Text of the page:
Gestur was the second of the traditional ECE Capstone projects. Gestur is a glove that is used to allow one to interact with the environment and objects in a virtual reality space. They key to Gestur is that it uses haptic feedback so the user is aware when they have made contact with objects. For example, when attempting to pick up a ball, the glove provides pressure feedback so the user knows that they have made contact and are holding the object.
Ostracam was the last of the traditional ECE projects. It was also a continuation of the Ostracam project from the previous year. The project is funded by the Marine Biology Department at UCSB, which is studying the bioluminescence of Ostracods to understand how nature innovates. While the project presentation was great, Dr. Todd Oakley provided outstanding overview of his department’s Ostracod research and the importance of the Ostracam project in his research.
The Benefits of the Senior Capstone Project
Each year, I discover additional benefits that the students get from the class. Here are my observations from this year.
Capstone projects are not lab projects
One of the things that makes the Capstone project special is that it is a real project and not a lab project. When you do things in a lab, the projects are setup to work. Students build what they are told and then observe the results.
A Capstone project is a discovery project. Students have to build, refine, and experiment to find out how things work. They have to read specification sheets, understand how parts work, and apply things they’ve learned from their classes. There is no guarantee that a Capstone project will work at the end of the year. Even this year, there were features of the projects that students wanted to implement but either ran out of time or couldn’t get them to work. It was no different that what can happen in industry when you are up against a deadline imposed by a demo date or a tradeshow exhibition.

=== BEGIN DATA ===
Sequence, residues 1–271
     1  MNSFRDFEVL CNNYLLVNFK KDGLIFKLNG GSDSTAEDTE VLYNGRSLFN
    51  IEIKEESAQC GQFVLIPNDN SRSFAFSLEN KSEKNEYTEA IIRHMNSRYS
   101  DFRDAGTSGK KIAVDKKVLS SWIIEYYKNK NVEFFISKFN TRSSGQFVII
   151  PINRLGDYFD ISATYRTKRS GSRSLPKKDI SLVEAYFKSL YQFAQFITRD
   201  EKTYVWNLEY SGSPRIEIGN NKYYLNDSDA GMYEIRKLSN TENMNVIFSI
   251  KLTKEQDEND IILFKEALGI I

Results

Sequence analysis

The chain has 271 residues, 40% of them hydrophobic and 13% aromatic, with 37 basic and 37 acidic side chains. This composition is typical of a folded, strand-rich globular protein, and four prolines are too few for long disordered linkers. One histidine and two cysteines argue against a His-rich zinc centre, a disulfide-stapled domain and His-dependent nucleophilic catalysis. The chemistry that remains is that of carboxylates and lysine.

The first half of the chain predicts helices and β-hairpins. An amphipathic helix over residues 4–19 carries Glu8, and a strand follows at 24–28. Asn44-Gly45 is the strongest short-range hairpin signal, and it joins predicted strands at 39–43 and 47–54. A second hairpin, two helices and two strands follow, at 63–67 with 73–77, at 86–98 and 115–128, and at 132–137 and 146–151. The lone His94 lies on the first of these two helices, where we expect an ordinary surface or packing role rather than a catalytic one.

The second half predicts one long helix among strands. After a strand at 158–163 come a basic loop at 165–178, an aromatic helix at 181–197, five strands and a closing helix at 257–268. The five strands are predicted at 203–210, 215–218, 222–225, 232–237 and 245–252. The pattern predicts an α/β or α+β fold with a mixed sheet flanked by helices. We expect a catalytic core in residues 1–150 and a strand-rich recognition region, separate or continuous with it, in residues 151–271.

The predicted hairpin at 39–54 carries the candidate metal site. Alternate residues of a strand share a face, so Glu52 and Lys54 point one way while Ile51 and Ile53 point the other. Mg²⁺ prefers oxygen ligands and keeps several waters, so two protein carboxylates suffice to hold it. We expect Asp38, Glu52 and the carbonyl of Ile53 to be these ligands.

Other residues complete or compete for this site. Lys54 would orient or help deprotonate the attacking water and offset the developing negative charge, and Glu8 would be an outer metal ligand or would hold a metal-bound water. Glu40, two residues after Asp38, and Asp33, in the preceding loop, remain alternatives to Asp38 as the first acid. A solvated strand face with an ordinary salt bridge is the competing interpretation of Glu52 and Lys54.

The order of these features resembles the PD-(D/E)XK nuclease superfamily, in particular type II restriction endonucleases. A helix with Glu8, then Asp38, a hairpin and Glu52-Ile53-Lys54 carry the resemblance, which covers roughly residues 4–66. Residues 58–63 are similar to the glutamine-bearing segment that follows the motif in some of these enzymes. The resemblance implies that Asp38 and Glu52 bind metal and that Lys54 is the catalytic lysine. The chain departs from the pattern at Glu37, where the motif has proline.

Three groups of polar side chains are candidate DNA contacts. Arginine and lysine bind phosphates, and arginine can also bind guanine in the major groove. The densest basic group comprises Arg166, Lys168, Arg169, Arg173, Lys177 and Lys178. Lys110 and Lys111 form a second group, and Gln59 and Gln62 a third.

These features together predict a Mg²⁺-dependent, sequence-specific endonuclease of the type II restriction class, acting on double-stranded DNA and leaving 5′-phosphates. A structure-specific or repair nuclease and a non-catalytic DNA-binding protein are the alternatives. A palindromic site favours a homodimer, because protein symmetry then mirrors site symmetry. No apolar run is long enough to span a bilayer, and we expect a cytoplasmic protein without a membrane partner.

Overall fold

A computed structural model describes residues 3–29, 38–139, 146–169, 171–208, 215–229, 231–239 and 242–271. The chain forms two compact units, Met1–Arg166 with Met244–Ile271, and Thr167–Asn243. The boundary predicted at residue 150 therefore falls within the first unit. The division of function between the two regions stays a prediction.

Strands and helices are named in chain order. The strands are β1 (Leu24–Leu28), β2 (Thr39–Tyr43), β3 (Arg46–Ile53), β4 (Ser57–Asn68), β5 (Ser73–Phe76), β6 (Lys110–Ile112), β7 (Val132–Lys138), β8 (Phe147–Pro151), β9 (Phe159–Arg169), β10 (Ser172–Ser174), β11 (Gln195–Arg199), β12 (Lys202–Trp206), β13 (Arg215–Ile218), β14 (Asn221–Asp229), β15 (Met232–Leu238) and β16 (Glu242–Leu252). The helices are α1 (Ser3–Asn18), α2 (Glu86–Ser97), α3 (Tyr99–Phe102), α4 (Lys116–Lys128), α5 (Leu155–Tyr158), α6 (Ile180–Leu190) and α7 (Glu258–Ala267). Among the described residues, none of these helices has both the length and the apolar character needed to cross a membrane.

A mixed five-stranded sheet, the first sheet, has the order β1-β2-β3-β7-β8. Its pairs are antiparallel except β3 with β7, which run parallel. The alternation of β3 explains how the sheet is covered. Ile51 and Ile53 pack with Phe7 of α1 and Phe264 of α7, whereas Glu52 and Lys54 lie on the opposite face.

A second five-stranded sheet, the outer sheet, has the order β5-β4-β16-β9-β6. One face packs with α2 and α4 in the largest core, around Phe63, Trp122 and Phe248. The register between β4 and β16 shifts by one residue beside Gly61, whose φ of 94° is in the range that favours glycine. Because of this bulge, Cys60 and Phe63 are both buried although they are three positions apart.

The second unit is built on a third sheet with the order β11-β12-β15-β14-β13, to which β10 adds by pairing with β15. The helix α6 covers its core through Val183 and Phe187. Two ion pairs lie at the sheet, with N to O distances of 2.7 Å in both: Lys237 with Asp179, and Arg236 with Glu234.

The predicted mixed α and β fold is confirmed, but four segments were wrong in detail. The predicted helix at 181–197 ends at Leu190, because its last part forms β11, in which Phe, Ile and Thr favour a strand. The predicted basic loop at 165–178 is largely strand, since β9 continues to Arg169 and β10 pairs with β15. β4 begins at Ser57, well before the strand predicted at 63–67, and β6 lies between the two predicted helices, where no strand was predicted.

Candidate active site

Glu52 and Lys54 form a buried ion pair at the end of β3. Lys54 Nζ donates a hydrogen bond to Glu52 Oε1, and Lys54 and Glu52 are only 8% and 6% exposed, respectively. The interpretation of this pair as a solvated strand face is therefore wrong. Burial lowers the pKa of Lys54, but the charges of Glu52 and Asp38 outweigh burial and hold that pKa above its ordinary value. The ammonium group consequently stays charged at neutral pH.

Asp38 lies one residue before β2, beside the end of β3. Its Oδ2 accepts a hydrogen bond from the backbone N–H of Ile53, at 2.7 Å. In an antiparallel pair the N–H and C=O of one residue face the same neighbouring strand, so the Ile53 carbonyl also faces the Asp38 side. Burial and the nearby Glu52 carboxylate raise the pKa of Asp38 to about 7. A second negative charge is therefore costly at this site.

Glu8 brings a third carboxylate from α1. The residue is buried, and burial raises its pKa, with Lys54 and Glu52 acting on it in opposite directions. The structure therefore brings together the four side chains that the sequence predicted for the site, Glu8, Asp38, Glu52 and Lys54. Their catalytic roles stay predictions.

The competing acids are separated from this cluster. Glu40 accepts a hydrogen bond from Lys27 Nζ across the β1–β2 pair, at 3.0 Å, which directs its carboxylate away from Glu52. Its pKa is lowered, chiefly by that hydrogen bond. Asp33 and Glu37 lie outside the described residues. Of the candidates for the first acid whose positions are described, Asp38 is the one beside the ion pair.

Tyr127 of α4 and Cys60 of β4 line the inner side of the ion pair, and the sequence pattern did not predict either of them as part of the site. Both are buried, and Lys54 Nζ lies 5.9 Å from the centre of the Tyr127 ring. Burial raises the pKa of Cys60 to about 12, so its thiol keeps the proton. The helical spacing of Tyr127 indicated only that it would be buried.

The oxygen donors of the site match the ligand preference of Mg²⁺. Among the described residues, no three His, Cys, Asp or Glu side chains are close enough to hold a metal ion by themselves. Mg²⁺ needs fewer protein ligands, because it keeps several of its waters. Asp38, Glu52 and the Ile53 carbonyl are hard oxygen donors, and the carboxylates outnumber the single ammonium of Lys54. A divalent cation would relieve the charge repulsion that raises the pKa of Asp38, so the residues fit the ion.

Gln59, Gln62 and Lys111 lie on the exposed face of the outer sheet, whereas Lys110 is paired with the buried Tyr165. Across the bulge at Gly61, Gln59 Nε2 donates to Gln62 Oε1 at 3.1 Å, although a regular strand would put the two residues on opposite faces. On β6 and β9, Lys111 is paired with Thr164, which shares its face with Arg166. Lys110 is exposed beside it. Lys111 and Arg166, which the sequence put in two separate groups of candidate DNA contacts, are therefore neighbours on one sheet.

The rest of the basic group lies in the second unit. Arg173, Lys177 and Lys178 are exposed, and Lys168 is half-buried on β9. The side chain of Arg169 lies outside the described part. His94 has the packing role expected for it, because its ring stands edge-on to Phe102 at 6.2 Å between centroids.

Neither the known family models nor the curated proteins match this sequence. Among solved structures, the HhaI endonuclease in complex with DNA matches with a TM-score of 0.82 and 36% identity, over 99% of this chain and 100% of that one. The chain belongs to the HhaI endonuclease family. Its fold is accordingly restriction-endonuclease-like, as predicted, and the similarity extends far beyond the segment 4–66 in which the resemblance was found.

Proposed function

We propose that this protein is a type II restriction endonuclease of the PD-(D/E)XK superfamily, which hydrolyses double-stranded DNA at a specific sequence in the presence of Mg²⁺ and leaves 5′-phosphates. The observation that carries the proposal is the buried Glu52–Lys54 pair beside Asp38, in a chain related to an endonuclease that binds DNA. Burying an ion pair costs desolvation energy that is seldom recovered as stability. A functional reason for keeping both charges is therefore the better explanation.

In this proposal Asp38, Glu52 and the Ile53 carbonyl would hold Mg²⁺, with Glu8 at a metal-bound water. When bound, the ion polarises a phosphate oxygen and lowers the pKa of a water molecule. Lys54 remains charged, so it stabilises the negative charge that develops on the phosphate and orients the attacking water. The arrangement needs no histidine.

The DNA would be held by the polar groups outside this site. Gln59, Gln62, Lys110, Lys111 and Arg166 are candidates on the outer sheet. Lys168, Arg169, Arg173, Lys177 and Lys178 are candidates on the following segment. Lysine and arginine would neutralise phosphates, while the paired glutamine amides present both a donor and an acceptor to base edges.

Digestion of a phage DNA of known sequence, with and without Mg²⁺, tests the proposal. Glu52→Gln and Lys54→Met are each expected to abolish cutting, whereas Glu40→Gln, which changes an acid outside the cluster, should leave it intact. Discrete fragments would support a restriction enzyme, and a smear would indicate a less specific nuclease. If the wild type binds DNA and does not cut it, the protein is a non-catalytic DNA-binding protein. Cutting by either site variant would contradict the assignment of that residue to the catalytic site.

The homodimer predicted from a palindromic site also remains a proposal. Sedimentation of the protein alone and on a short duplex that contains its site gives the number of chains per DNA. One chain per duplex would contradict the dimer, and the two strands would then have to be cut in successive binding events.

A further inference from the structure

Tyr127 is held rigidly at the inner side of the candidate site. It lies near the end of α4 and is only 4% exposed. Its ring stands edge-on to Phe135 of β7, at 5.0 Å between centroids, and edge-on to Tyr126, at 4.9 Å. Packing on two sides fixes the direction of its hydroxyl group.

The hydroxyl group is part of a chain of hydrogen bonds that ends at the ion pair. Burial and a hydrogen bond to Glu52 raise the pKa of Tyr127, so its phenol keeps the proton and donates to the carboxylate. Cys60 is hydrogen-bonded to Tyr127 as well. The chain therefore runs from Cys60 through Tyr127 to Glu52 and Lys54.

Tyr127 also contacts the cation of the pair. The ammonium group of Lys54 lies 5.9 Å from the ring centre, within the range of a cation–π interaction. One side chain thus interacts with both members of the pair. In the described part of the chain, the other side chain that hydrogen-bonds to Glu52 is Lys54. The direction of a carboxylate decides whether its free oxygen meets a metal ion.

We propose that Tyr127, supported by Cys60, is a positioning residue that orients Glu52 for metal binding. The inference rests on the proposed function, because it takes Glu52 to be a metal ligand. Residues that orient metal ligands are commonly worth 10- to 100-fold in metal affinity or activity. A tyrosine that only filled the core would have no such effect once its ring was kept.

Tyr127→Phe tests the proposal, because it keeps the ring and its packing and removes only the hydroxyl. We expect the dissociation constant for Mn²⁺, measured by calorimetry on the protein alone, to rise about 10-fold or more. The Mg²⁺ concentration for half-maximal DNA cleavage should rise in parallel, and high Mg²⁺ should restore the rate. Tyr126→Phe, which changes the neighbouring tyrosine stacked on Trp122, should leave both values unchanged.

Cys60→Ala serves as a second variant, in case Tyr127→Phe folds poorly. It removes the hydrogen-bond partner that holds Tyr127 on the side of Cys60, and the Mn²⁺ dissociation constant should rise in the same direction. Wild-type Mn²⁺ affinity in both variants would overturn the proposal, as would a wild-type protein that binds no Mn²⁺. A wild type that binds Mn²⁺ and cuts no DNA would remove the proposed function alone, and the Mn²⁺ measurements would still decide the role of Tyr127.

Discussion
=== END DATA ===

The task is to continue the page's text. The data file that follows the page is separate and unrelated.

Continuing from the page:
Capstone is a great name for the class because it does bring together everything that the students have learned while in college, and teaches them even more.
“I wish we did…” moments
One of my favorite sayings from one of the groups was “I wish we did”. They were referring to all of the lessons they learned during the course of the project and what they would do differently if they had a second chance. It was great to see because that is exactly how things work in industry. The first implementation of a project is always a bit clunky, and then you refine it over time with your learnings. Fortunately, we (the consumer) don’t see the first iteration of many products. We get to see and use them after they passed an iteration or two (or more) and have been refined for customer use.
I’m certain every project team had many “I wish we did…” moments that will serve the students well in their future endeavors, making them better engineers.